It's odd how familiar things are instantly recognisable, no matter how badly corrupted they may be. Vitruvian man without the manly bits, and so the square within which that part of the anatomy is centred becomes superfluous. Without the square, presumably copyright issues are avoided, so no nasty fights with Leonardo's estate or Vitruvius' family will follow!
Nit picking though we are, we still recognise the intent.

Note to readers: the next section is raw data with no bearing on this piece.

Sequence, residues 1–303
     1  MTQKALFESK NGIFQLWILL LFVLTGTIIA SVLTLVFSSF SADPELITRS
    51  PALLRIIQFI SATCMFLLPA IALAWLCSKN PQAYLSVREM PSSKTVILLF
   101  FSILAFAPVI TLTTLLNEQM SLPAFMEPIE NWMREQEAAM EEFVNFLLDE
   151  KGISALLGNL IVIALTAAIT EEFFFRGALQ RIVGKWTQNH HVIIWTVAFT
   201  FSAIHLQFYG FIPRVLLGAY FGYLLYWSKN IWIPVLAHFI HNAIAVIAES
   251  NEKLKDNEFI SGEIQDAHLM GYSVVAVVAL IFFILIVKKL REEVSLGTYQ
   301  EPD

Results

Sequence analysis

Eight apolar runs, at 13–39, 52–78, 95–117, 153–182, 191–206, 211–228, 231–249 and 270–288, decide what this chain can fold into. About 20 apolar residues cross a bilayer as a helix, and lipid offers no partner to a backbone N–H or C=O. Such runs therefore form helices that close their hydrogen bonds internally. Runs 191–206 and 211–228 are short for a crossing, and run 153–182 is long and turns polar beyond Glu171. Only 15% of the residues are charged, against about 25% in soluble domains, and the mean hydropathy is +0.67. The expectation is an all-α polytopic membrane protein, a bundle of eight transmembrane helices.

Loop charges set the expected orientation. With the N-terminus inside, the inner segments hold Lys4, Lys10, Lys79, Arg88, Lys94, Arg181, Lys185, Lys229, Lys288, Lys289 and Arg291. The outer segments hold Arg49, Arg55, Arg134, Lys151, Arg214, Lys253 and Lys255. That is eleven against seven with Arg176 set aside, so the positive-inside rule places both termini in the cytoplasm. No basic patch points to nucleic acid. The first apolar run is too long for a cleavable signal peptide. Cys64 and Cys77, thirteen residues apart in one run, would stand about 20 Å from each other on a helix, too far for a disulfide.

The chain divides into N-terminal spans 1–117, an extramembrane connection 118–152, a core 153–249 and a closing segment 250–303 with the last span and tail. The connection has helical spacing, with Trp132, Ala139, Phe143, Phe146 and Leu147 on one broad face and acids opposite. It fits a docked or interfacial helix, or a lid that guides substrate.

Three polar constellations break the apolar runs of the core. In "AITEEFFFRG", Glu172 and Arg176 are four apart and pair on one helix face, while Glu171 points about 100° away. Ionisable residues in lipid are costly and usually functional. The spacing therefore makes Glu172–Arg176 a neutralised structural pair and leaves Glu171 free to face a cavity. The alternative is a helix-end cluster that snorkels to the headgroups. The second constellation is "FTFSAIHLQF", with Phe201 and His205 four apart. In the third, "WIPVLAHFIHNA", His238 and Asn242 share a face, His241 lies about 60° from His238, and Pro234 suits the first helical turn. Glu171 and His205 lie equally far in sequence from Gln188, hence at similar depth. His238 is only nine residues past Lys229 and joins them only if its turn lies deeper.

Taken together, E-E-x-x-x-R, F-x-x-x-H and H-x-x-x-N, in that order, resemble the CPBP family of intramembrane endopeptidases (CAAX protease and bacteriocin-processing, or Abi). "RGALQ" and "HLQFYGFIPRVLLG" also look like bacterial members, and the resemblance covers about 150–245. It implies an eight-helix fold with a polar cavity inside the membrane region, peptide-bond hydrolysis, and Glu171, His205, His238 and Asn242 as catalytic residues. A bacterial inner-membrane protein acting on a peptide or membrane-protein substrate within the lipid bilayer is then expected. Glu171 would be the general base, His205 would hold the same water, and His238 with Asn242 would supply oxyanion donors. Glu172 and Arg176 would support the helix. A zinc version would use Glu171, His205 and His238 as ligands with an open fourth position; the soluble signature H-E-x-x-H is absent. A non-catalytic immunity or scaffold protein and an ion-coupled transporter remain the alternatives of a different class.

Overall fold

Leonardo’s famous drawings of the Vitruvian proportions of a man’s body first standing inscribed in a square and then with feet and arms outspread inscribed in a circle provides an excellent early example of the way in which his studies of proportion fuse artistic and scientific objectives. It is Leonardo, not Vitruvius, who points out that ‘If you open the legs so as to reduce the stature by one-fourteenth and open and raise your arms so that your middle fingers touch the line through the top of the head, know that the centre of the extremities of the outspread limbs will be the umbilicus, and the space between the legs will make and equilateral triangle’ (Accademia, Venice).Caloundra
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